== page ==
Ronando Anievas Ramos

Chef of the Month: Ronando Anievas Ramos

Ronando Anievas Ramos is a Sous Chef of Japanese Cuisine at Le Méridien Maldives Maldives Resort & Spa

Growing up in a small town near Manila in the northern part of the Philippines, Ronando didn’t have an interest in the culinary profession. When leaving school, his sole goal was to earn money to help support his family. Ironically, his first job was as a kitchen steward, which he only worked for three months. Ronando worked in a factory and drove for six years before he was encouraged to explore the culinary world which led him to the Maldives as a sushi chef. Hotelier Maldives spoke to Ronando about his journey and his career development over the past 11 years in Maldives.

Le Meridien Maldives Resort & Spa_Tabemasu Restaurant_Food & Beverage Featured Image: Tabemasu Restaurant, Le Méridien Maldives Maldives Resort & Spa

HM: What drew you to the culinary field and where did you learn your skills?                 

RR: Initially, I hated cooking and had no interest in it. My girlfriend was working as a manager in a Japanese restaurant and encouraged me to try it. I wanted to impress her and show I was willing to give it a go. She helped me get a junior role in one of the restaurant’s other branches. This was in 2005 at Kitaro Japanese Restaurant Philippines. I quickly saw why she had pushed me; it was a great atmosphere; food was part of the perks, and I enjoyed the work. Now cooking is my passion.

I learned all my skills while working. The restaurant trained me first in the hot kitchen and then the cold kitchen and finally sushi. After six months, they saw I was progressing, so I was sent to other branches to cover sick leave and holidays, which gave me more insights before getting a fixed kitchen.

HM: Who has had the greatest influence on your career to date?                    

RR: My girlfriend, who is now my wife. Without her pushing me, I would never have started. The other is Master Chef Hiroyuki Terada who I follow on YouTube. He has been a big influence throughout my career for new ideas and inspiration.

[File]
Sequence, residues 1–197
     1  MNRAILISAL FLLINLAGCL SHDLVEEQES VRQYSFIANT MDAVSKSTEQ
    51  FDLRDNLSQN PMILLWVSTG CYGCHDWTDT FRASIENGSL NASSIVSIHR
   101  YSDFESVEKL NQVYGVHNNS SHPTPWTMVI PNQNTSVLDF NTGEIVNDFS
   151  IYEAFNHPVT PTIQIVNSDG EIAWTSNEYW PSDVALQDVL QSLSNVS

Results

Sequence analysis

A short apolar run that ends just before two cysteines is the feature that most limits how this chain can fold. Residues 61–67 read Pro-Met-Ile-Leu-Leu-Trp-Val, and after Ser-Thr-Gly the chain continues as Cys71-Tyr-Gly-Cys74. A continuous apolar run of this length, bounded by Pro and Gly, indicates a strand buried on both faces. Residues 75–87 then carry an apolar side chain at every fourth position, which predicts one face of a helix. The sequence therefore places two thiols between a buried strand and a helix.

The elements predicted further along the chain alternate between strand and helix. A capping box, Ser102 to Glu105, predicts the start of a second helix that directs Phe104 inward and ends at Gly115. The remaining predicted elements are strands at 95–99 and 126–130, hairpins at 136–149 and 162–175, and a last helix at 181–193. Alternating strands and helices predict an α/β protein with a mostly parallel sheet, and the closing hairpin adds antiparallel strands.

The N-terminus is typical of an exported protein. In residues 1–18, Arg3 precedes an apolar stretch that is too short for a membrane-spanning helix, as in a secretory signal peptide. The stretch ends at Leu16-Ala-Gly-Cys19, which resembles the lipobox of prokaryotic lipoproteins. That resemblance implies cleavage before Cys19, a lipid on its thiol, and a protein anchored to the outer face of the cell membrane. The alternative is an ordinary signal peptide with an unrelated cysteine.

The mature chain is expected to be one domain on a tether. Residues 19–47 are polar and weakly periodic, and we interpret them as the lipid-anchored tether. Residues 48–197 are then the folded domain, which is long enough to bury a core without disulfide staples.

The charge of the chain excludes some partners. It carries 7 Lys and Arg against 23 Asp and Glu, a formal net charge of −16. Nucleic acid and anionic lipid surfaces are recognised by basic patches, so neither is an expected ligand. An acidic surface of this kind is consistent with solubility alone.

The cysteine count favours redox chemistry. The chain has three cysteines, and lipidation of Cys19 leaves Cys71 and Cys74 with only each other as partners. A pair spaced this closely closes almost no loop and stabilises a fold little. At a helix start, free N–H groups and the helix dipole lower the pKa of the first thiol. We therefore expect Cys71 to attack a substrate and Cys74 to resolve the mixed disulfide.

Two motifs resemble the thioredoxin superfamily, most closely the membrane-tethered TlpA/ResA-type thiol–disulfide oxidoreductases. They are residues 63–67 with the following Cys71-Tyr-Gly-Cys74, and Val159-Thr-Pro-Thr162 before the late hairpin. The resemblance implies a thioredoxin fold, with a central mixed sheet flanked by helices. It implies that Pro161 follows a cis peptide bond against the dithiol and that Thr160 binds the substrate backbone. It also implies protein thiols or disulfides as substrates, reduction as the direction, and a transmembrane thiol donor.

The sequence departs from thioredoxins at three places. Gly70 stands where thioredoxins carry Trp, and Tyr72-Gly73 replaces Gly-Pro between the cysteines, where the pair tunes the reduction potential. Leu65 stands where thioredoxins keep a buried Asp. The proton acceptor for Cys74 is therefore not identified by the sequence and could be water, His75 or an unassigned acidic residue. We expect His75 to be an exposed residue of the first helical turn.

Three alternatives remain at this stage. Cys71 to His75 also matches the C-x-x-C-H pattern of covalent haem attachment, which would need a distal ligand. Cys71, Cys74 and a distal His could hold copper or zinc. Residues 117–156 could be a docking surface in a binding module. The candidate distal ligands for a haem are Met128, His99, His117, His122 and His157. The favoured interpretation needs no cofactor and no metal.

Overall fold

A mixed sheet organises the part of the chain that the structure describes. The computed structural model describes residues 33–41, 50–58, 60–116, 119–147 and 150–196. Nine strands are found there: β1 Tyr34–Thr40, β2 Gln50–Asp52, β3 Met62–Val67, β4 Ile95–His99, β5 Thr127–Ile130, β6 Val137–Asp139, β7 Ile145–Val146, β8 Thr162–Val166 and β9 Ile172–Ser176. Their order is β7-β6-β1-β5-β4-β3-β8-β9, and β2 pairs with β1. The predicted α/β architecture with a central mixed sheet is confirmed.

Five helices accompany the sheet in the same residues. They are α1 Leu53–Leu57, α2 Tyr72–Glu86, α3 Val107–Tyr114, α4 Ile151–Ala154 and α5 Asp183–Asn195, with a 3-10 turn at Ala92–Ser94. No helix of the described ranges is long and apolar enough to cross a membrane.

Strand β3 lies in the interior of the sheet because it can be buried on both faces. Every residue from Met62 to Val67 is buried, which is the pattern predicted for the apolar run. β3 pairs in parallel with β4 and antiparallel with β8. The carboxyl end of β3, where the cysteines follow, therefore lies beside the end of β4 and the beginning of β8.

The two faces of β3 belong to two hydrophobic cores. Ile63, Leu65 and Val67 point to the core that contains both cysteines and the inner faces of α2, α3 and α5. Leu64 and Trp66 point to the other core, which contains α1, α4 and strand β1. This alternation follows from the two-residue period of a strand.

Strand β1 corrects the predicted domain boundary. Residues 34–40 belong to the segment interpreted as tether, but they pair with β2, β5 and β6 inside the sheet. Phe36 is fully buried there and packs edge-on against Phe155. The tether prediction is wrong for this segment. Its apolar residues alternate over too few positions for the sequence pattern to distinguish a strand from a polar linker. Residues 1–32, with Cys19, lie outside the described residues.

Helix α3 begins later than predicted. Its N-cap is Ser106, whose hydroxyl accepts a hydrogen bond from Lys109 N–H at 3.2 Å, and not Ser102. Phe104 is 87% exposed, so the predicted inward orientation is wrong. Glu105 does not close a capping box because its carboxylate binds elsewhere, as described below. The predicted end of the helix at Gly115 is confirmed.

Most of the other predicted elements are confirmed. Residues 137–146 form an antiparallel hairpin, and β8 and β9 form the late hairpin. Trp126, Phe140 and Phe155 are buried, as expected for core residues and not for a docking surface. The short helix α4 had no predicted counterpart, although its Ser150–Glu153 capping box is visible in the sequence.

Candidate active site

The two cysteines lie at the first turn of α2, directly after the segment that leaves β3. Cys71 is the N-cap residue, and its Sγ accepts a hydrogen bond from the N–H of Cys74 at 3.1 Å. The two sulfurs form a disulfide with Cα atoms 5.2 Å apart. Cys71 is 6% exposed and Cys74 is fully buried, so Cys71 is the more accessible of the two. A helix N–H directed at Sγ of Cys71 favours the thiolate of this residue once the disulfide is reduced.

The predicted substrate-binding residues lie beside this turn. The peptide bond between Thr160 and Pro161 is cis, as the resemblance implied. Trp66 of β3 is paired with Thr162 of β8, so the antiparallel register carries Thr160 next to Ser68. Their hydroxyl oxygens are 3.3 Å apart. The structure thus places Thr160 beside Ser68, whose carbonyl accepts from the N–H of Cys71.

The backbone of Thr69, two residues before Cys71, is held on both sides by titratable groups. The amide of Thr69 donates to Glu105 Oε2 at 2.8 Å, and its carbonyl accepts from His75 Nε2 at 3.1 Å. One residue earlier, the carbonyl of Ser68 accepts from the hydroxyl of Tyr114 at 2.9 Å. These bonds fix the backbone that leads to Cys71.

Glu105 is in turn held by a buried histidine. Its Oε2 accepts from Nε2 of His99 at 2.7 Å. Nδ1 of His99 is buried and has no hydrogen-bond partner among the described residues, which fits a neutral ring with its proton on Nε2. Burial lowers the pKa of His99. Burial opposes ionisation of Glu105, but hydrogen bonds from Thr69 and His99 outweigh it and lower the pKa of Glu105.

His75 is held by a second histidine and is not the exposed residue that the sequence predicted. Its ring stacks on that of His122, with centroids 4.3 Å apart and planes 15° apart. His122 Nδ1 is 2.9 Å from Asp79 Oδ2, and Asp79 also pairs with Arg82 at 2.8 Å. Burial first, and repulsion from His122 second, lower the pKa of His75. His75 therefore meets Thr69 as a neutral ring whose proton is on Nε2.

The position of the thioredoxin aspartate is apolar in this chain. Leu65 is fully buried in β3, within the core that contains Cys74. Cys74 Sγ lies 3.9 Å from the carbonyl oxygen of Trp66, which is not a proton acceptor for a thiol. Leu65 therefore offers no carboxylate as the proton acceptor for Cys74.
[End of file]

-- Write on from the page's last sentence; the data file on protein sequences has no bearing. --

HM: What do you enjoy the most / find the most rewarding about being a chef?

RR: Three things; first being part of a strong and organised team that supports each other. Second, building a team that makes everyone love what they do, and third, receiving great feedback from guests.

Le Meridien Maldives Resort & Spa_Tabemasu Restaurant (a) Featured Image: Tabemasu Restaurant, Le Méridien Maldives Maldives Resort & Spa

HM: What enticed you to the Maldives and your current property?

RR: One of my wife’s colleagues had moved to the Maldives and was looking for a sushi chef. He recommended me, and I arrived in 2012 to join Kuramathi Resort. I then moved to Kandolhu and then Kurumba for four years. I was looking for the next challenge when I saw Le Méridien advertising for a Japanese Chef. Marriott is a big international brand and offers a lot of opportunities, so I was very happy to be selected. I joined the property in 2021 just after it opened. I am now in charge of their Japanese restaurant, Tabemasu. Maldives is a beautiful place to work and means I can support my family financially. I’ve now been here eleven years and it’s become my second home.

HM: What was the best piece of advice you have been given in your career to date?

RR: Always be humble. It was advice I was given at the start of my career by a head chef in the Philippines. He said to never get big-headed by a property or title, but always stay down to earth and keep learning. Learning is the way to grow your career.

HM: What do you consider are the greatest challenges to working in a kitchen?

RR: Time and heat. Often you want more hours in a day, especially when you are putting together special dishes in high season. There is pressure to exceed the guests’ expectations and that takes extra effort to make everything perfect. Also, the heat in some of the hot kitchens. Especially when you are behind a Teppanyaki table.

Le Meridien Maldives Resort & Spa_Tabemasu Restaurant_Sashimi Plate Featured Image: Tabemasu Restaurant, Le Méridien Maldives Maldives Resort & Spa

HM: There are numerous areas to master within a kitchen, what drew you to specialise in Japanese cuisine?

RR: I started my career in a Japanese restaurant, so it was a logical progression. I have worked in other sections, but I asked to specialise in sushi as I love the attention to detail it requires in both preparation and presentation. I learned Teppanyaki when I went to Kandolhu and now I am incorporating the finesse of sushi into the way we are plating our teppanyaki dishes.